The Yale College Dean’s Office will convene a new undergraduate task force to advise faculty and staff on plans for the two new residential colleges.

The creation of the task force, officially called the Standing Committee on Yale College Expansion, was announced Wednesday in a Yale College Council email. The email called for applicants to the committee, which will eventually include four students and be part of a larger steering committee that includes students, local alumni, faculty and staff, Yale College Dean Jonathan Holloway said. He added that the steering committee will discuss a variety of strategies that could prepare Yale College for a 15 percent increase in its student body, with the overall goal of addressing potential problems in the planning for the College’s expansion before they arise.

“[The members come from] very different constituencies, so we’re hoping that there will be a robust conversation from these different perspectives,” Holloway said.

Administrators first suggested that a student advisory group be created last May when the Ad Hoc Committee on Yale College Expansion published a report that recommended the inclusion of student perspectives in planning for the new colleges to advise the University on “concerns that arise ahead of, and in the first years following, the new colleges’ opening.”

According to the report, some members of the ad hoc committee will identify ways to preserve “the Yale College experience” when the new colleges open. These members will present their ideas to the new steering committee. Students will then point out the advantages and disadvantages of each suggestion, YCC vice-president Maia Eliscovich Sigal ’16 said.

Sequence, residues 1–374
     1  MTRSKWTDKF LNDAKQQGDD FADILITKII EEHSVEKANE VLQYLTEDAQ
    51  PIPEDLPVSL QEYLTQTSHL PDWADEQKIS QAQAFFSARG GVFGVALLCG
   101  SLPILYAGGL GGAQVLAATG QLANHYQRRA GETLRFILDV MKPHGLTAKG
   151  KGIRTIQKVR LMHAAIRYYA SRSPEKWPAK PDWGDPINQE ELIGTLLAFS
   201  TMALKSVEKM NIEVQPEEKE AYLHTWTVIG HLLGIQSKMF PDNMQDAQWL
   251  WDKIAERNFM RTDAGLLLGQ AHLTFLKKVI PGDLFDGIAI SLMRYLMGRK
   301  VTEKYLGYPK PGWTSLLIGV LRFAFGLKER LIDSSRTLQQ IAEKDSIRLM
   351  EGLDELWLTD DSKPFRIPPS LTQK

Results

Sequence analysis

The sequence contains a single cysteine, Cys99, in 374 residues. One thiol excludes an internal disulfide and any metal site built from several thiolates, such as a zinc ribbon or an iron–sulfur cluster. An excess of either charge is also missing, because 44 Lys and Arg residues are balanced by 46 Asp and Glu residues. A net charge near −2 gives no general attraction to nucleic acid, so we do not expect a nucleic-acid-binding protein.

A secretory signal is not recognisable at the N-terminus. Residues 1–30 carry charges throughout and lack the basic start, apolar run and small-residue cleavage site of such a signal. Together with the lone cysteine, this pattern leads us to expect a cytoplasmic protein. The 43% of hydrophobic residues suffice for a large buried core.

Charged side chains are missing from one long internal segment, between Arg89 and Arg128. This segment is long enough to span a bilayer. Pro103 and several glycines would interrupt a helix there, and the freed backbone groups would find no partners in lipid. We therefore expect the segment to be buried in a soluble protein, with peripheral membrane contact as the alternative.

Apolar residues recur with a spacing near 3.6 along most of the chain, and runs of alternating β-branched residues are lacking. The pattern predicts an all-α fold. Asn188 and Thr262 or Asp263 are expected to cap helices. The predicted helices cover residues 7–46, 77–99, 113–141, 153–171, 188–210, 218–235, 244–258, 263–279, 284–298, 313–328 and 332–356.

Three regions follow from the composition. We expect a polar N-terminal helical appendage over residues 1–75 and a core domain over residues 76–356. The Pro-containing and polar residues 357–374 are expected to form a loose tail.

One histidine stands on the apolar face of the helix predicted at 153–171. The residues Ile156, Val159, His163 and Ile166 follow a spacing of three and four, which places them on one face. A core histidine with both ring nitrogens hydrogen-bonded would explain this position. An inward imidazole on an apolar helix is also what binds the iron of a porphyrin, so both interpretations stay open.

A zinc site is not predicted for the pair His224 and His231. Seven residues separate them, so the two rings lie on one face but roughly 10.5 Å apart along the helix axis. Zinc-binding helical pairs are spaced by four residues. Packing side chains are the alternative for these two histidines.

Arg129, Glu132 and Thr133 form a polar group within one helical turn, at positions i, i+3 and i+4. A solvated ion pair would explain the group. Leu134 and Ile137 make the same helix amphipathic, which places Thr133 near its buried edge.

“Holloway has talked about this a lot insofar as, at a minimum, we want the current student experience to be maintained when these new colleges come in,” Herbert said. “Hopefully we get even better, but at a minimum, we want it to be maintained.”

The steering committee’s findings will eventually be reported back to University President Peter Salovey and Provost Benjamin Polak, Holloway said.

Previously, students could offer advice to the ad hoc committee during two undergraduate forums held last spring — one to discuss academic services one to discuss student life, Polak said. Several meetings also took place with members of the Yale College Dean’s Advisory Committee and students actively involved with the Center for International and Professional Experience.

Polak said that the membership of the ad hoc committee did not include students because Salovey had specifically requested that it focus on teaching, learning and student services. In addition, an earlier group that included students had already issued a report in 2008, he added.

Still, the creation of the new task force will allow students to address issues that the existing committee may not have considered, YCC president Michael Herbert ’16 said.

“I hope that it will help highlight student concerns so that from a student perspective, the transition to an enlargement of the student body will be as smooth as possible,” he said.

Applications for the committee are only open to freshmen, sophomores and juniors, because the new colleges’ development is an ongoing process and members are expected to serve for two years, Herbert said.

The YCC executive board will interview each candidate and decide on the final committee before Thanksgiving break, Eliscovich Sigal said.

“A successful candidate will be involved in various areas of student life at Yale to properly point out the potential problems with the expansion,” she said.

After its membership is established, the standing committee will begin meeting either at the end of this semester or the beginning of next, Holloway said, adding that it will probably meet a few times each term.

Applications for the Alcohol Recommendations Implementation Committee, Traffic Safety Committee, Career Services Advisory Committee and Provost Undergraduate Advisory Committee are being accepted by the University as well.